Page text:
…We must therefore take advantage of our large internal market, natural endowments and comparative advantages in agriculture, minerals and human resources to be self-sufficient in food and fuels within your first term of office. It is neither impossible nor unduly difficult to achieve both goals.
The danger of this current state of affairs is that we are inadvertently creating successive generations of poorer, barely educated, unskilled, hopeless and angry children of the poor, side by side with increasingly richer, privately educated, skilled and optimistic children of the privileged.
It is a demographic and social time bomb waiting to explode as the poor and hopeless youths are easy recruits of insurgents, violent politicians and criminals. Only you, Mr. President will appreciate this danger and do something about it with the urgency it deserves.
Government performance depends on political legitimacy and administrative capacity. It results from sound political vision, courage and the will of the President and other appointed and elected officials, supported by the administrative capacity of the public service… You have the vision, courage and will, Mr. President. The jury is still out whether your most senior appointed officials share these qualities, and this must change for the better, Sir.
Our public service today is too expensive, aging, outdated and inadequately skilled to discharge its mandate of providing administrative support to the political leadership. The nearly 600 MDAs at the federal level (and smaller number of counterparts at subnational levels) consume nearly 90% of our national revenues. This is why the FGN borrows over 100% of its capital budget! This is neither fair nor just.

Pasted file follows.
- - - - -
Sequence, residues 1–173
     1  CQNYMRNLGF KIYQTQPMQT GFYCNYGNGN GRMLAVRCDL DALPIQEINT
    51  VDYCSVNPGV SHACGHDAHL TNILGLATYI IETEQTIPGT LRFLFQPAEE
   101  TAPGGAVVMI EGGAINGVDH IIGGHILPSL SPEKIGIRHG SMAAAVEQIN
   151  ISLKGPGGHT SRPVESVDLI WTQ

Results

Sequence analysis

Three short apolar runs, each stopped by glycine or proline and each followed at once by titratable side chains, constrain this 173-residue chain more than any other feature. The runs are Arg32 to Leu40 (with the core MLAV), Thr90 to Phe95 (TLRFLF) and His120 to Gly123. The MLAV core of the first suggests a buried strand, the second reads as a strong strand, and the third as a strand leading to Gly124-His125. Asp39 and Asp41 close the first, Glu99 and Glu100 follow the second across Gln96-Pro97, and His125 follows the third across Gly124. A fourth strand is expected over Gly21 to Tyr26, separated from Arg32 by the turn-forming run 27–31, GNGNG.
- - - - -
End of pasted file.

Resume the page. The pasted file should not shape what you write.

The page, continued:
There is a perception that your ministers, some of whom are competent and willing to make real contributions, have no clear mandate, instructions and access to you. Ministers are constitutional creations Mr. President and it is an aberration that they are expected to report to the Chief of Staff on policy matters.
Mr. President, there is an emerging view in the media that you are neither leading the party nor the administration and those neither elected nor accountable appear to be in charge, and therefore the country is adrift.
It is the view of many informed citizens that while you are actively fighting corruption, the institutional weaknesses that enabled it to thrive under Jonathan, and the persons that participated in it, and oiled the system are still very much in charge, and many are around you.
Mr. El-Rufai backed up his expression of agony in the second memo with a “Draft Decision and Implementation Matrix” containing 23 direct, strong and specific recommendations, including suggested operational deadlines, to simplify consideration and implementation.
The core of his intervention, it must be clear, was that the time had come for the Buhari government to stop blaming its predecessor (and get to work), and that Buhari summon the political will to take advantage of available plans and strategies.
Coincidentally, the el-Rufai memo leaked in the same week that Buhari’s nominee for chairman of the EFCC, Ibrahim Magu, was humiliatingly rejected for the second time at the Senate by another appointee of Buhari’s, indicating turmoil in his government.
And two former leaders told Premium Times in response days later it is evident Buhari has lost control of his own government.
Governor el-Rufai has done Buhari and Nigeria a patriotic and historic favour. Is Buhari man enough to respond in the same currency?